Working with the Media

At any time, others may become aware of a library challenge, from word of mouth about a verbal complaint, from a blog by the individual or group who filed the challenge, or from a board agenda posted publicly in the community. The concerned individual(s) may use the media to share their viewpoint and attempt to sway public opinion. Rumors and opinions can escalate a challenge into a media wildfire.

In these circumstances, it is important that the library or school district speak with one official voice: the library director, principal, superintendent, or other designated spokesperson. Everyone else on the library or school staff should decline to make statements or answer questions and should refer media inquiries to the spokesperson. The common talking point for all libraries involved in a challenge is the freedom to read and access to information. When appropriate, as the challenge becomes public, library and school district administrators may seek the support of local media. Informing local civic organizations of the facts and enlisting their support may counter negative, one-sided media coverage with moderate, tempered discussion.

Dealing with Controversy and Negative Publicity

  • Prepare, but don’t overreact. If, for example, a local television station runs a “Sex at the Library” story about pornography on the Internet, prepare a statement but don’t release it until you gauge reaction to the story.

  • Be strategic in your use of the media. A letter to the editor or an op-ed piece clarifying the library’s position can be helpful, especially if it is to correct a misrepresentation of fact. Engaging in a long, defensive battle of letters is neither productive nor a good use of advocates’ energy.

  • Anticipate difficult questions and develop answers ahead of time. Ask your friends and colleagues to help you practice your answers and bridging to your key message.  Practice answering easy questions, too, so you will not be caught off guard.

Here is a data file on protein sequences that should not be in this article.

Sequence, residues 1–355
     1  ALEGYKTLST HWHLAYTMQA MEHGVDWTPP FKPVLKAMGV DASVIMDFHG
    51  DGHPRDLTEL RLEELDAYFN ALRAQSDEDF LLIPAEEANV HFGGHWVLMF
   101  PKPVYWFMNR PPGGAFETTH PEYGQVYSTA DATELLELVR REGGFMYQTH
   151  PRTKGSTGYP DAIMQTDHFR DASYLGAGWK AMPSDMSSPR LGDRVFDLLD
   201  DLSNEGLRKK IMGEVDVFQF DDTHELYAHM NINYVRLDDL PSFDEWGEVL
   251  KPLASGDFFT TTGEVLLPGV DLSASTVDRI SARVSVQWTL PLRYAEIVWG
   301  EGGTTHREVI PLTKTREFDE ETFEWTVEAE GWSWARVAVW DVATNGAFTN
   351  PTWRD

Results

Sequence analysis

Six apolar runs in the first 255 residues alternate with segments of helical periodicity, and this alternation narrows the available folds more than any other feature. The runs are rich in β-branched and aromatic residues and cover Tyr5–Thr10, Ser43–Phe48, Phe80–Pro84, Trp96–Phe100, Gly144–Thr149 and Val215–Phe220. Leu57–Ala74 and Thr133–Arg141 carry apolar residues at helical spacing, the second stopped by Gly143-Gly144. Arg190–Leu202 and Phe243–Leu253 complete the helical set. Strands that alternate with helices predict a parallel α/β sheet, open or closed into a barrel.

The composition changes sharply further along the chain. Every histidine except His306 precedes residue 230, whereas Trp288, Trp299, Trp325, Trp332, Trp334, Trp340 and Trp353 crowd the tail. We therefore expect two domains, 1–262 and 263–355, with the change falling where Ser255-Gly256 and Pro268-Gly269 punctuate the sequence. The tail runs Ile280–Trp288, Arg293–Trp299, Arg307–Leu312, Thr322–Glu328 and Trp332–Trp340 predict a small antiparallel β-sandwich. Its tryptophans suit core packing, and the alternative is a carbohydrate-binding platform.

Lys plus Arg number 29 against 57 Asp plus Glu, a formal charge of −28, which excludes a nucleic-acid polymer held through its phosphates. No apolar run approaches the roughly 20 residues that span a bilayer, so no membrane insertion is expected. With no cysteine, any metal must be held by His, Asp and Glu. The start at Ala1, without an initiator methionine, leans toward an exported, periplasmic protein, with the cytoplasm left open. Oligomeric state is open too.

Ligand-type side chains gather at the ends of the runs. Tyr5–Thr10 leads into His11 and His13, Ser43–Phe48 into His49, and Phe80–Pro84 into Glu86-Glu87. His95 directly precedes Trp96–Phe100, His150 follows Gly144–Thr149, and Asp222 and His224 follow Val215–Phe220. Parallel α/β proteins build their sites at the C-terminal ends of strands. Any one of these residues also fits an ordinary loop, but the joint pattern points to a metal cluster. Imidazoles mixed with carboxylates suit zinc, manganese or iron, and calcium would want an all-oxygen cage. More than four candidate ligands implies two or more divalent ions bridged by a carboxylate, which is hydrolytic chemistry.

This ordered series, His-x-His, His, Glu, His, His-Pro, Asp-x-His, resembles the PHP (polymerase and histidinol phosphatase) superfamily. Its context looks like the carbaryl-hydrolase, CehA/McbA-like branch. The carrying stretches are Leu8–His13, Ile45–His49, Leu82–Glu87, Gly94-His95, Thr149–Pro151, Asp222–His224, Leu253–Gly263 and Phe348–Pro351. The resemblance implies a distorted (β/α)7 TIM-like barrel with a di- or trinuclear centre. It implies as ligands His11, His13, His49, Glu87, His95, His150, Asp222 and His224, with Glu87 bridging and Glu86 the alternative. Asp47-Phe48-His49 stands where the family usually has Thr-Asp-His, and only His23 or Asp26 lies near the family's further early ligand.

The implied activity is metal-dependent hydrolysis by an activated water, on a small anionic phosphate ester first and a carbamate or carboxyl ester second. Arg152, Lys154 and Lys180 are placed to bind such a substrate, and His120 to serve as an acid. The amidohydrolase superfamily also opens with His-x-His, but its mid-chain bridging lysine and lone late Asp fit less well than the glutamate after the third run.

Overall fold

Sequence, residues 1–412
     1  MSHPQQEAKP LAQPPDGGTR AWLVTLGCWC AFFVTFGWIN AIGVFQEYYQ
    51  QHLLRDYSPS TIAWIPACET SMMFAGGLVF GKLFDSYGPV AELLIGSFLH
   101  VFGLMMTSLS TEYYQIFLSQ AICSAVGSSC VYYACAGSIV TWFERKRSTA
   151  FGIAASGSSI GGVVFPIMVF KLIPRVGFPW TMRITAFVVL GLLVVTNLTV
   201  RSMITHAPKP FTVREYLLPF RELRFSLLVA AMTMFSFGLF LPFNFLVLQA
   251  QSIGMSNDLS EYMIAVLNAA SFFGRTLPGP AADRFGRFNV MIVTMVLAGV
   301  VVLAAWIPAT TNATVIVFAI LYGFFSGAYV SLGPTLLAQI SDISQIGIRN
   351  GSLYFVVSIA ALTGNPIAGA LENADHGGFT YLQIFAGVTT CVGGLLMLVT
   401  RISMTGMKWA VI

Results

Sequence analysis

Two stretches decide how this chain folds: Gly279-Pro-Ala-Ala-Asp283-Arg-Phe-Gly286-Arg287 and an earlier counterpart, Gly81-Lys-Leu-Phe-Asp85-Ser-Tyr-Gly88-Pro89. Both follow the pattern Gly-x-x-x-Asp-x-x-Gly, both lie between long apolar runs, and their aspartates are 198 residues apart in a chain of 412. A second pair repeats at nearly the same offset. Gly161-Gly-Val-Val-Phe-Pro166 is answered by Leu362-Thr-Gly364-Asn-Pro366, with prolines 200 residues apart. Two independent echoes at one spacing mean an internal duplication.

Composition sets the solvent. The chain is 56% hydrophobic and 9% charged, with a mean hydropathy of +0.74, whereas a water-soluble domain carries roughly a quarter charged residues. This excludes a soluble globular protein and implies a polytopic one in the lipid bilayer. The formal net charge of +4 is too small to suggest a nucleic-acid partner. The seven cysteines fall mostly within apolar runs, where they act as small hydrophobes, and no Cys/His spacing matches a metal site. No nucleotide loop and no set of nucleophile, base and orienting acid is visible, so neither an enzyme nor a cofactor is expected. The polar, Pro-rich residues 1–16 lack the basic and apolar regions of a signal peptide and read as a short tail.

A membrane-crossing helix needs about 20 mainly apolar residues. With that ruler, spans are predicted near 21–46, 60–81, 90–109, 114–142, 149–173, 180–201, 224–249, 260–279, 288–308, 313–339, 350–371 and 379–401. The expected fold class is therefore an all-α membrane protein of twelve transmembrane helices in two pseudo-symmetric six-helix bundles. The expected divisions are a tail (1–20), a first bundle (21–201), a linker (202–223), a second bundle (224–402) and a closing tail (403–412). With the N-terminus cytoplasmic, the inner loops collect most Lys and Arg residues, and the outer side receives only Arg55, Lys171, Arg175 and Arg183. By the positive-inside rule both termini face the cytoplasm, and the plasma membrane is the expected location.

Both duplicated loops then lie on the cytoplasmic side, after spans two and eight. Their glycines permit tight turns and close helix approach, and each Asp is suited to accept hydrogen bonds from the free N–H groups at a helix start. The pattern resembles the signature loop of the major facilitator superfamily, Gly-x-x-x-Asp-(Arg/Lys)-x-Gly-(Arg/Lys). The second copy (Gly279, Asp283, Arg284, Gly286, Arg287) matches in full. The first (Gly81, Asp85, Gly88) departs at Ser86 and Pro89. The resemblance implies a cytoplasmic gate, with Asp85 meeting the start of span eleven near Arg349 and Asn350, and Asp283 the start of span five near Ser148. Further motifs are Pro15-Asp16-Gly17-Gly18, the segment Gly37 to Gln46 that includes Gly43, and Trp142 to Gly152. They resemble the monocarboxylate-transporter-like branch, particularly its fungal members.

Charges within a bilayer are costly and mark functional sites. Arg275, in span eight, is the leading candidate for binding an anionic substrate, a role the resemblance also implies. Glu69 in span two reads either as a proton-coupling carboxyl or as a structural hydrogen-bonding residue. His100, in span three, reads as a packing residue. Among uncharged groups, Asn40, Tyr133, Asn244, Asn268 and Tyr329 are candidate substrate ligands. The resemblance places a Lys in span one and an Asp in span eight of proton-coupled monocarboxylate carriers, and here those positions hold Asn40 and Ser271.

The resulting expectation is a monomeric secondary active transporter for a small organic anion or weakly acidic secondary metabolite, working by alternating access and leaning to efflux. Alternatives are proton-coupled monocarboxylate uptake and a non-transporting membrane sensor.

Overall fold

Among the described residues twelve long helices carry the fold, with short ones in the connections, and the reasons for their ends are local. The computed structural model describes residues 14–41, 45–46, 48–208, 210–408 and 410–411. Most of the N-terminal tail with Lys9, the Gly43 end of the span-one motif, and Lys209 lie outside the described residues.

• Listen. Do not judge. Try to identify and address the real concern or issue being addressed.

  • Acknowledge. Pause to show that you have given the question serious consideration. Frame your answer with a positive response. For example, “I respect your views, but let me give you another perspective,” or “We share your concern for children. Our approach is...”

  • Be factual. It is better to say, “I don’t know” than to provide inaccurate information. If faced with a claim or information with which you are not familiar, simply say, “I hadn’t heard that. I’ll have to check,” or “What I do know is...”

  • Do not repeat loaded or negative words. If asked, “Why do librarians let children look at smut and porn?” do not repeat the words “smut” and “porn” in your answer.

  • Keep your answers to the point. Do not volunteer more information than is asked. Remaining silent, as well as asking the same question in different ways, are well-known techniques used by reporters in the hope that their subjects will stray off message.

  • Be truthful. Speak from your own experience: “In our library the policy is...” or “My experience is...”

  • Do not assume anything you say is off the record. It can and may be repeated.

  • Maintain an open, calm, and friendly attitude and posture. Avoid crossed arms, tapping feet, and other body language that conveys stress. Appearing defensive, angry, or out of control undermines credibility.

  • Stick to the high road. Do not criticize or get personal with an opponent. Stay focused on the key message.

Magi, Trina J., Martin Garnar, and American Library Association. 2015. Intellectual Freedom Manual. Ninth Edition. Chicago: ALA Editions, An imprint of the American Library Association.

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Updated 2017